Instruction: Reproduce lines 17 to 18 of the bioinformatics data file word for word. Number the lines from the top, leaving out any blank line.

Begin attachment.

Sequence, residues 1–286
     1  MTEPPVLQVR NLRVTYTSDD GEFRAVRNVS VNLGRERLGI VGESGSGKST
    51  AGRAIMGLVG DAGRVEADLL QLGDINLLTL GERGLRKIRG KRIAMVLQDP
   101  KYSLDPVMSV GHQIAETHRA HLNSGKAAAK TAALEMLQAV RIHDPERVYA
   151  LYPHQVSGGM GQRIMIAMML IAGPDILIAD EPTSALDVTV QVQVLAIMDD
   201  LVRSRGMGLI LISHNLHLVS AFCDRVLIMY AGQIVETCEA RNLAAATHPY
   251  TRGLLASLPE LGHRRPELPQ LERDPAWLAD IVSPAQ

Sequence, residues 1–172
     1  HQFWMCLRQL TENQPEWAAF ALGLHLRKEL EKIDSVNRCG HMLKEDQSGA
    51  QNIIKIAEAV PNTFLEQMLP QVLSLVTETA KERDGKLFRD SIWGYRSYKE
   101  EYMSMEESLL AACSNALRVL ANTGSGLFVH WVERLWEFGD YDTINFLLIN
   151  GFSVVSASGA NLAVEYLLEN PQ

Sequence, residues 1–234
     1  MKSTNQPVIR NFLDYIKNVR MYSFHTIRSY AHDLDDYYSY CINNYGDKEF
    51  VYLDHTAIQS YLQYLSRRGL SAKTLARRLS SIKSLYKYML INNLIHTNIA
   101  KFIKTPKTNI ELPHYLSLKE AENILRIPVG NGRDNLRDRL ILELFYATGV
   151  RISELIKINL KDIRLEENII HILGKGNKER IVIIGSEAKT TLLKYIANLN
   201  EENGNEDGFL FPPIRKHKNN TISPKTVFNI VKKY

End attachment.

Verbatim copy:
   151  RISELIKINL KDIRLEENII HILGKGNKER IVIIGSEAKT TLLKYIANLN
   201  EENGNEDGFL FPPIRKHKNN TISPKTVFNI VKKY